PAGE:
Minocycline But Not Tigecycline Is Neuroprotective and Reduces the Neuroinflammatory Response Induced by the Superimposition of Sepsis Upon Traumatic Brain Injury*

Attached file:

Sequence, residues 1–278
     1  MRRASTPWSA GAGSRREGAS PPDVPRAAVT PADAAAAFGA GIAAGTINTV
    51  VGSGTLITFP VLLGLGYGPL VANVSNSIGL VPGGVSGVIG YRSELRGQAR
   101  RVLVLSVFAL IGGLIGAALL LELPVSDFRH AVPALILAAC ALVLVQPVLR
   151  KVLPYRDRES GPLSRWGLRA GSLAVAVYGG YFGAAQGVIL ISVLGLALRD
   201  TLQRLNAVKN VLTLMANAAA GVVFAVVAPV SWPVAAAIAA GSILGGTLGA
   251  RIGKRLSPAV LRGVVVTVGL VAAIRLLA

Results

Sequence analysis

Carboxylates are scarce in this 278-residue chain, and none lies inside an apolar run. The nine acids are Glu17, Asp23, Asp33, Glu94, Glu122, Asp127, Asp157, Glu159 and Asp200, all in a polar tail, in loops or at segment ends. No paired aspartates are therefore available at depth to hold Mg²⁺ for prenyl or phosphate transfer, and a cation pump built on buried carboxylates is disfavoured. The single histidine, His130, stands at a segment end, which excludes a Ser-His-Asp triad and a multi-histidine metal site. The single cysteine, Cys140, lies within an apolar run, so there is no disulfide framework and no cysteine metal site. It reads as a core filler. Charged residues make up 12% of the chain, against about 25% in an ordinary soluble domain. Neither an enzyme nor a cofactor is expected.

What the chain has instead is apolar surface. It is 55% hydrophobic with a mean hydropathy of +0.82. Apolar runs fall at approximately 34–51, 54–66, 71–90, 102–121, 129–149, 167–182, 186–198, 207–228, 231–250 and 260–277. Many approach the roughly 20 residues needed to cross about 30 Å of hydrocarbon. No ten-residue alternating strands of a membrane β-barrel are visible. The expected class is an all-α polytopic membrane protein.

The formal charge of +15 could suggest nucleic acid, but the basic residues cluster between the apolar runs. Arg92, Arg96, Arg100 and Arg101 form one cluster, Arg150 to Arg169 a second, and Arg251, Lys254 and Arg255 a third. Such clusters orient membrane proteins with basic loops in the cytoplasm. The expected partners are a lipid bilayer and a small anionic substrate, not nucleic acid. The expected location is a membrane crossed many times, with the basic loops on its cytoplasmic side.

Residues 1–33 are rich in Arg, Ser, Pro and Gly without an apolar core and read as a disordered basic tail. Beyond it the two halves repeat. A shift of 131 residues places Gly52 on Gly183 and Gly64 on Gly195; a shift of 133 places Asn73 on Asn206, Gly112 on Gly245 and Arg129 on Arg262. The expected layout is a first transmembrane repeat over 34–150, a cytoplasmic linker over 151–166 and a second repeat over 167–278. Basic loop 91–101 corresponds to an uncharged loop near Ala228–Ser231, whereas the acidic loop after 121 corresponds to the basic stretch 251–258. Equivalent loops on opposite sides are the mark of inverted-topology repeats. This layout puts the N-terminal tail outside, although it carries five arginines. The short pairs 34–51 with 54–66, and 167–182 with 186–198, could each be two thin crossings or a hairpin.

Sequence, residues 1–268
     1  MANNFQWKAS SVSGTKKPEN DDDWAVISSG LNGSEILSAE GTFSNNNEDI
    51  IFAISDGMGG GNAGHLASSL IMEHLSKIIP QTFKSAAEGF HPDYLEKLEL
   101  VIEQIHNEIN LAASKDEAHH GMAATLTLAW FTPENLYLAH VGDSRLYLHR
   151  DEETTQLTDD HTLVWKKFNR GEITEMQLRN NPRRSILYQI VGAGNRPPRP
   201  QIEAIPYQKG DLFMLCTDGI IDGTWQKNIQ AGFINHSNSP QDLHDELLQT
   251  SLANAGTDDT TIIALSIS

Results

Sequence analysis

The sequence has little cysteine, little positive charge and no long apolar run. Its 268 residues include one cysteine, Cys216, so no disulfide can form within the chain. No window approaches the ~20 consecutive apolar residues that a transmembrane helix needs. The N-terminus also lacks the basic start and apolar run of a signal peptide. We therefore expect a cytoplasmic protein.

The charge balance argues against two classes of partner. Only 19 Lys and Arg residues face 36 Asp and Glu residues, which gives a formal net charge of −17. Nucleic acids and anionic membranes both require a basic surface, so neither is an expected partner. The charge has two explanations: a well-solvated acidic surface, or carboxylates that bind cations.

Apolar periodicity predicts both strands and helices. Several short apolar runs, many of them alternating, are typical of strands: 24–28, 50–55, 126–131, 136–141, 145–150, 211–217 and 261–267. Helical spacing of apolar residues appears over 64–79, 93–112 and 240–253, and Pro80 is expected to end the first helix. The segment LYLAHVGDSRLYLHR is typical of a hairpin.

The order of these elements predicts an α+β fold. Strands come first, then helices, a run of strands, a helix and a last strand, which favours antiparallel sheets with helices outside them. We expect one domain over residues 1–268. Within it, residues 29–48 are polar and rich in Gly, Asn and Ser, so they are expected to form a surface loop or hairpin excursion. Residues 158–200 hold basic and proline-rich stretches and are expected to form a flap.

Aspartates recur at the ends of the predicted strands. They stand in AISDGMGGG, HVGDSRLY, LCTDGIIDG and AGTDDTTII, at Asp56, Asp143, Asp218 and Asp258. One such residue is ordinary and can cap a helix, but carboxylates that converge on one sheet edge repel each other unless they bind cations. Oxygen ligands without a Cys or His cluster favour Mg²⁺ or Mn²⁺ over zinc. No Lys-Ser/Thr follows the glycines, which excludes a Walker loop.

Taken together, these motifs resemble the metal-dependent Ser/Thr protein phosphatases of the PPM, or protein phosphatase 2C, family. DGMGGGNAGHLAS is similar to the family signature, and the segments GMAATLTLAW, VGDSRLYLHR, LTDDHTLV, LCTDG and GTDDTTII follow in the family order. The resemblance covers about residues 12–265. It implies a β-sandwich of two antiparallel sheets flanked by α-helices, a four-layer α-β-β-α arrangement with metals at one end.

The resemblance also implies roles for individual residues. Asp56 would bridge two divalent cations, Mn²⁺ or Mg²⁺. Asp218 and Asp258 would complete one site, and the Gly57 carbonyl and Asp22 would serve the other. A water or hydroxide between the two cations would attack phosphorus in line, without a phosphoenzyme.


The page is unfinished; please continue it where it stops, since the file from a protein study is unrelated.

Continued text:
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Objective:The development of sepsis in patients with traumatic brain injury increases mortality, exacerbates morphological and functional cerebral damage, and causes persistent neuroinflammation, including microglial activation. The administration of antibiotics possessing both antimicrobial and immunomodulatory activity might attenuate both sepsis and posttraumatic cerebral inflammation. We compared the potential therapeutic efficacy of two tetracyclines, minocycline and the newer generation tigecycline, on functional neurobehavioral impairment and regional histopathological damage in an experimental model of combined traumatic brain injury and sepsis.Design:Prospective, experimental animal study.Setting:University Research Laboratory.Subjects:Adult male Sprague-Dawley rats.Interventions:Controlled cortical impact was used to induce traumatic brain injury and cecal ligation and puncture for sepsis. Immediately following injury, animals were treated with minocycline (45 mg/kg intraperitoneal), tigecycline (7.5 mg/kg intraperitoneal), or saline every 12 hours for 3 days.Measurements and Main Results:The development of sepsis and cerebral inflammatory response were evaluated, respectively, by 1) growth of peritoneal microorganisms and clinical variables and 2) tumor necrosis factor-α expression in the perilesional cortex. To assess posttraumatic outcome, vestibulomotor and cognitive function were evaluated at different time points for 14 days post injury whereupon animals were killed and cerebral tissue analyzed for lesion volume, regional hippocampal (CA1/CA3) cell death, and microglial activation in the perilesional cortex, lesion core zone, and choroid plexus. Treatment with both antibiotics reduced microorganism growth, body weight loss, and mortality but had no effect on vestibulomotor or cognitive function. Minocycline alone attenuated postinjury cortical lesion volume, hippocampal CA3 neuronal cell loss, tumor necrosis factor-α expression, and the extent of microglial activation and infiltration.Conclusions:The significantly heightened mortality caused by the superimposition of sepsis upon traumatic brain injury can be reduced by administration of both antibiotics but only minocycline can decrease the extent of cell death in selectively cortical and hippocampal brain regions, via, in part, a reduction in cerebral inflammation.

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